Losing your Only will test your spiritual belief as nothing else ever will. We can be angry with God and we may even doubt the existence of a higher power that takes away our child. In fact, our loss may be the ultimate test of our spirituality, one that forces us to truly live whatever religion or spiritual practice we have embraced. As parents we may have taught about the power of God, and that God is good.
We talked the talk, but walking the walk now proves hard. I continue to believe that God is good, and that we have been chosen for this experience for some reason we may never understand. For now, we have a choice—w e can die with our Only, or we can live a full and generous life.
We are sad for our loss. We miss them. We love them. But if we truly believe, we know our Only has moved on to a better place. They are with those who have passed on before them, which may include grandparents, other family members, friends and pets. So we can choose to feel grateful. We were given the gift of this child, and though our time with them was all too brief, we can smile knowing that they are happy, warm, fed, and healthy. After all, isn’t that what parents want for their children?
Prior to such an event, we may experience intuition without fully acknowledging it. After such an event, our intuition becomes more important. I believe we are all able to receive comfort intuitively, to accept guidance and consolation, be it in the form of kind words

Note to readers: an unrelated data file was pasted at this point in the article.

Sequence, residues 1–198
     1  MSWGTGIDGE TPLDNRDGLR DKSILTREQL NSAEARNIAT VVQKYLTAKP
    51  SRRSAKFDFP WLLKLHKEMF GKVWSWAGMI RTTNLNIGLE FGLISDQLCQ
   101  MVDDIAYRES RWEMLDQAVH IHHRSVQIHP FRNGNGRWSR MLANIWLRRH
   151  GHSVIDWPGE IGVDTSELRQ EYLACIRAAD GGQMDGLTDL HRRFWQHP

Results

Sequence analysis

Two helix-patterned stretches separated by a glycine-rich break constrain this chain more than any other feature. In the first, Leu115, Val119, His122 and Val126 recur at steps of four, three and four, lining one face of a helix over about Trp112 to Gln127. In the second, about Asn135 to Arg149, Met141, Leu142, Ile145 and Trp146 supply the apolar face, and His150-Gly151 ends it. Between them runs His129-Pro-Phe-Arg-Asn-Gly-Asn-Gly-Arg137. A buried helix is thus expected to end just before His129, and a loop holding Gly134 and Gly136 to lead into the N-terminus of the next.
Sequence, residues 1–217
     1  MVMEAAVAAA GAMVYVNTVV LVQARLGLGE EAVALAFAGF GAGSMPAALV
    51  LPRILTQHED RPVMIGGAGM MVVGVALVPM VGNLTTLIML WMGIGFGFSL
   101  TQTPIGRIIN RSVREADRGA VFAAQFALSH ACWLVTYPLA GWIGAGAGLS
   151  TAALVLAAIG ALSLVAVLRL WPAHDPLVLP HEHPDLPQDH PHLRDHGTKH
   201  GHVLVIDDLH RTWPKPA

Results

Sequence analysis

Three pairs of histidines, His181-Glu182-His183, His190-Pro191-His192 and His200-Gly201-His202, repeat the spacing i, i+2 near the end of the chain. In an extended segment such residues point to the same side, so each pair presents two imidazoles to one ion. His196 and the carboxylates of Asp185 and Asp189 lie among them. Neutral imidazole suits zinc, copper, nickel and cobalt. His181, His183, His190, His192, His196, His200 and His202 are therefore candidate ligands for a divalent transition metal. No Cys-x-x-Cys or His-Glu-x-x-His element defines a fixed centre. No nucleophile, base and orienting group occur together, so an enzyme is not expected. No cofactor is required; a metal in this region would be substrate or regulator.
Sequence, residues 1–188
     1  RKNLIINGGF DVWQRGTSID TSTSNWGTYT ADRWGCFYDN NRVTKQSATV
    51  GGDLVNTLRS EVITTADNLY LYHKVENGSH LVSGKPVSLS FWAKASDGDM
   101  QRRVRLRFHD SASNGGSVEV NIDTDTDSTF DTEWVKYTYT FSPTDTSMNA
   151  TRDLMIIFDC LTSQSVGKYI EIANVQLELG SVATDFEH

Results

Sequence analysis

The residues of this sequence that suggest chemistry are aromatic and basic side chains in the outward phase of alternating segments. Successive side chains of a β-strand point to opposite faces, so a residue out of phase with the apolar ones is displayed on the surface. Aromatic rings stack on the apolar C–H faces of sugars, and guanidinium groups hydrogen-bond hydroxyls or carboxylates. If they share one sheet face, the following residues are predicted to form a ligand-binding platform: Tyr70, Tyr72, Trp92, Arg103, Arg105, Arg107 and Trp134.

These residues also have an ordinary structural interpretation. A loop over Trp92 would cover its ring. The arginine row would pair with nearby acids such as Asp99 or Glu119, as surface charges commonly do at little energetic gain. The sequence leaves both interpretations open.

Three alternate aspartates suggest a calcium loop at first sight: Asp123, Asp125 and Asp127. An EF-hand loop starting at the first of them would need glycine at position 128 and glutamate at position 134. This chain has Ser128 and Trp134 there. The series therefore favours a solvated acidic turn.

and gestures from friends and family, silent strength from our higher power, or even signs from our Only. When you lose your Only, your spirituality may take a giant step forward.
Thank you for your interest in Losing Your Only, by Dr Debi Yohn. This is a very personal story which helped Dr Yohn discover her purpose – to motivate and support parents and others to live life to their highest potential. The digit version of the book is currently available at http://losingyouronly.com/get-the-book/. If you would like to be notified about the upcoming print and audio release, please visit this page and send Dr Debi your name and email address.